Non-domestic rates liability confusion re: Leicester council?

by Readers Question

9:23 AM, 26th August 2020
About a month ago

Non-domestic rates liability confusion re: Leicester council?

Make Text Bigger
Non-domestic rates liability confusion re: Leicester council?

After my father died and probate was granted in Jan 2018. I received ‘zero rated’ tax bills for my late father’s shop and premises as a result of transitional relief Etc and only a Single token bill of £300 was issued in May 2020 for part the part-year after probate was granted. A total of 5 billing periods were received.

Only one had an amount due which was for £300. The other 4 were cancelled of any charge whatsoever.

As there were severe estate debts to fund but due to Title issues we were unable to sell fathers shop.

Instead, I decided as acting executor that our only option was to start a short tenancy in January this year for 2 years and 8 months to run concurrently with the debt order. Whilst we tried to rebuild the title.

Then Covid-19 caused lockdown and this was just as our tenant had completed enough repairs in order to start trading.

He asked the government for Financial assistance as paying his next rent would be a problem but told he me he didn’t qualify. He then got to open the shop for a handful of weeks before Leicester went back into lockdown. He said he could no longer afford any further payments and has not been able to contribute towards utility bills which my family and I are now having to stand.

I then received a dreadful shock from the council, I believe triggered by his enquiry, that all the backdated Non-domestic rate bills since probate (3years) were fully chargeable and no small business relief applied which had always been the case with father’s shop as RV under £15K. A jump from £300 to over £6000 was now being demanded with no explanation.

I’m also being told that the shop tenant is not liable for any rates whatsoever as he does not use the upper floors. These floors are In extremely poor condition and could only facilitate limited storage if that which he doesn’t need. His low rent already reflected the shop conditions, and he volunteered to complete repairs to help us both succeed. However he’s been unable to complete these too.

I have asked the rates department to assist, but all I keep getting told is to split the property into shop and residential..why? This defeats the object entirely. We want to sell the intact shop, not develop it. I just want a fair discretionary assessment of the extraordinary situation.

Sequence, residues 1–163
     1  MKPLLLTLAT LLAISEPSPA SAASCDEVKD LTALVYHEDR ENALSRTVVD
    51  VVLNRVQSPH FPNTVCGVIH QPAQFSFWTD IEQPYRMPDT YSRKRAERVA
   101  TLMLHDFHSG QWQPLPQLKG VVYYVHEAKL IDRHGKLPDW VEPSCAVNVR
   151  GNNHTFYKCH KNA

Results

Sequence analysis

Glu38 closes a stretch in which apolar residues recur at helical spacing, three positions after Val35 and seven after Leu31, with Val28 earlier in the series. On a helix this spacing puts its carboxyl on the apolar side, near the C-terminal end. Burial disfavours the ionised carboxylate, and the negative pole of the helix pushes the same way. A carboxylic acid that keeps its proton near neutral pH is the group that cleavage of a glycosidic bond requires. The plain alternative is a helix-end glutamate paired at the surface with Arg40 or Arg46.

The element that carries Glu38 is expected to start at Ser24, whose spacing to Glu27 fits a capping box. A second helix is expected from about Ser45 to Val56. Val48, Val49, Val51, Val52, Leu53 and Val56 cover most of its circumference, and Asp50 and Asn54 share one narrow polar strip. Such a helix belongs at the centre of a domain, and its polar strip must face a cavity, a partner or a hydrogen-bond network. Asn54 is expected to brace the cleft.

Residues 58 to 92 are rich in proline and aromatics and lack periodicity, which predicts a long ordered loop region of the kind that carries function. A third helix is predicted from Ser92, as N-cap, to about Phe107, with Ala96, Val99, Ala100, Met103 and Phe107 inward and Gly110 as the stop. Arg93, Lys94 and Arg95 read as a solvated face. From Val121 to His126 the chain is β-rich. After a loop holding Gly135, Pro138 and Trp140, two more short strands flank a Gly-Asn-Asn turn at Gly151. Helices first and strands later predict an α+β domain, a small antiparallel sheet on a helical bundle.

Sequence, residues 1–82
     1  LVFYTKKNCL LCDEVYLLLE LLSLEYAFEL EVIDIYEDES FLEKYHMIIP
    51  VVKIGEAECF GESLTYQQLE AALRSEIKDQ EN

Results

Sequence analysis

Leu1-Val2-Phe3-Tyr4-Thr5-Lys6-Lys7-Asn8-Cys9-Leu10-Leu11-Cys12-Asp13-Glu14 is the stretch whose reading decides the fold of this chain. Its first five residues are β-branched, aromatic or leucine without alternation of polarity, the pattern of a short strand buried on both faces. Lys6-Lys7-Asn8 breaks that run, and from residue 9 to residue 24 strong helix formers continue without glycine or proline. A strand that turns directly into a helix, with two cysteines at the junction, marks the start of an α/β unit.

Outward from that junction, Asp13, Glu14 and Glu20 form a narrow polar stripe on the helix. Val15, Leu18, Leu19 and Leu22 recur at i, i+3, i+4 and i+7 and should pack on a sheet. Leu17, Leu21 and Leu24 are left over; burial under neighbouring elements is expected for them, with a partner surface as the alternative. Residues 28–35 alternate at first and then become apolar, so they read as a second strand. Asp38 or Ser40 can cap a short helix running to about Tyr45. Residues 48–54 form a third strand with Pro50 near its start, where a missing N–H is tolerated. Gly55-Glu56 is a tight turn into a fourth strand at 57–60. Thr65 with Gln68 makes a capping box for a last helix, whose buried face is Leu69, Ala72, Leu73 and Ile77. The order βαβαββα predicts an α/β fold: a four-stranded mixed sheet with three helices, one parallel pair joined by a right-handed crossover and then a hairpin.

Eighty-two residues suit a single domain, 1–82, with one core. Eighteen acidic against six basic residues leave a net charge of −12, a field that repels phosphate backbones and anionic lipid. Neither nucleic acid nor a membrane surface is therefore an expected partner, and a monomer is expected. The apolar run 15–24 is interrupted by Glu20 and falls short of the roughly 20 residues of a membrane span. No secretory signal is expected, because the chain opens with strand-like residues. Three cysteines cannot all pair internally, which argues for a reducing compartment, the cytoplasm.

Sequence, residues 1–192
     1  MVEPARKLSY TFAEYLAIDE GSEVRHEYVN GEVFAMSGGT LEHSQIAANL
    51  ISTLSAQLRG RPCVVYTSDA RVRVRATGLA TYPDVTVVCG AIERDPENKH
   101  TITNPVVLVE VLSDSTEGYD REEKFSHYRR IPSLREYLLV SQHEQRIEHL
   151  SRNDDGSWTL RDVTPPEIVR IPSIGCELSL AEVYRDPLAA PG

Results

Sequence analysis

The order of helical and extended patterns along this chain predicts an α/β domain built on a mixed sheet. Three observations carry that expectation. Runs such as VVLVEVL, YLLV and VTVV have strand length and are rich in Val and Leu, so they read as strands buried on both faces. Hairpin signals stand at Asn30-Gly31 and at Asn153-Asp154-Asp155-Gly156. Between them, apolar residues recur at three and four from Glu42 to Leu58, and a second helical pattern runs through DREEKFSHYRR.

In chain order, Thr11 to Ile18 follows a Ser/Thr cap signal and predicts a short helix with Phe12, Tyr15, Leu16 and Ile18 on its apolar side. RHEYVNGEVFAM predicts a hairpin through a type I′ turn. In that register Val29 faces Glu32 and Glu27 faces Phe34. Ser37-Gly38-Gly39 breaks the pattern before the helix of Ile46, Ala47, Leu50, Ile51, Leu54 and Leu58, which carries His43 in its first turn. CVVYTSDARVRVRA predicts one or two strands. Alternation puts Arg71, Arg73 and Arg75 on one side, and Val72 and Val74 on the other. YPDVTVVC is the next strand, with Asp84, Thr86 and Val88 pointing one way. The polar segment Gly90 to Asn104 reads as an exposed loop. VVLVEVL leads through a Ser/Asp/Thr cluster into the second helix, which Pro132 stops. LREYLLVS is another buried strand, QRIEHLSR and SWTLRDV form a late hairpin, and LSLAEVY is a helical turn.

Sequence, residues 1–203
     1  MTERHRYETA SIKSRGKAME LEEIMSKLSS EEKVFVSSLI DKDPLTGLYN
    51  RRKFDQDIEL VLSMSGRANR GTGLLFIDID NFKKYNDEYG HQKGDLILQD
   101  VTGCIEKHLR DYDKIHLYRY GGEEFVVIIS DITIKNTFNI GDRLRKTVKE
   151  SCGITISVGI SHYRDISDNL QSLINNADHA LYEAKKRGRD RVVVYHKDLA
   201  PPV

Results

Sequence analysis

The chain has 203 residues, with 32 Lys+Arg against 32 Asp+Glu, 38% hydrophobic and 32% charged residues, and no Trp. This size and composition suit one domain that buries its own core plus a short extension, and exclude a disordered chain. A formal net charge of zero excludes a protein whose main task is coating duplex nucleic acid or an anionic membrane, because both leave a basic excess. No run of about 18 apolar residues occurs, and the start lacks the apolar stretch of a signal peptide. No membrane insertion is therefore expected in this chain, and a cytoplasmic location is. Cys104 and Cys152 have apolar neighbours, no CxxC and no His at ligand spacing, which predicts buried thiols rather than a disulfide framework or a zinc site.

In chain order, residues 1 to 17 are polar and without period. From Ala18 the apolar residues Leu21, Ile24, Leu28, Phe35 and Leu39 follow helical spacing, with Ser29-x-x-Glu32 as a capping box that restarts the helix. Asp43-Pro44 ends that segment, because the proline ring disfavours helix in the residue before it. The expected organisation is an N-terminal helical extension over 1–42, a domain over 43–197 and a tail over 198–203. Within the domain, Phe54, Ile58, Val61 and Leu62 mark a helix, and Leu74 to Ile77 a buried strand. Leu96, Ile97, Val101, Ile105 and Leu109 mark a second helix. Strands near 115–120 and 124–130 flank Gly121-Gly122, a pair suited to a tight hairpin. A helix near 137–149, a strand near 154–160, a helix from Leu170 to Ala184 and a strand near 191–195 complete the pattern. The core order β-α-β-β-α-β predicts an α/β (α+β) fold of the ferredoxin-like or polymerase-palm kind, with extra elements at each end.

Due to the moratorium I cannot evict him but have served a section 21 to quit so we can sell and pay the debts, which a loss to everyone involved.

Could anyone advise or signpost me as to where to challenge which seems such an unfair decision?

Thank you.

Pippa


Share this article

Twitter Facebook LinkedIn

Comments

terry sullivan

11:49 AM, 26th August 2020
About a month ago

you need professional advice--perhaps the council does too? alt. contact hmrc?

Chris Novice Shark Bait

13:05 PM, 26th August 2020
About a month ago

Auction sale during probate may have been a a less problematical way forwards with hindsight. You as an accidental landlord (a mine field in itself) have had multiple adversities conspire against you. The Council have no sympathy with that ... and may be legally challengeable. You and any other family members need to ask yourselves if you really want all the hassle? Sale by auction may be a best foot forwards still as repurposing of commercial properties has relaxed planning, and such retail outlets are under threat. An experienced investor may well take it on and purchase it as a distressed sale. You would have to agree to accept less for the property than first hoped, but any such sale would be swift and guaranteed. You can then take legal advice and resist the aggressive Council with proceeds if the balance of risks is in your favour. A developer may which to convert into 2 residential flats or one Town House, thereby assisting the residential housing shortage. P.S. I am not personally interested in doing that, but there will be those out there, younger than me that could be.

Badger

11:01 AM, 3rd September 2020
About 3 weeks ago

It's a long shot but it might also be worth contacting the Valuation Agency to see if they will assess the rates downwards due to the current condition of the property.

It is the VA and not the council that sets the level at which rates are levied.

I did this successfully in respect of council tax on my own property back in '92 and I am currently in the process of getting similar assistance from the VA (for business rates) in respect of a commercial building that we have that the local council have screwed up on.


Leave Comments

Please Log-In OR Become a member to reply to comments or subscribe to new comment notifications.

Forgotten your password?

OR

BECOME A MEMBER

Winter Economy Plan leaves landlords out in the cold

The Landlords Union

Become a Member, it's FREE

Our mission is to facilitate the sharing of best practice amongst UK landlords, tenants and letting agents

Learn More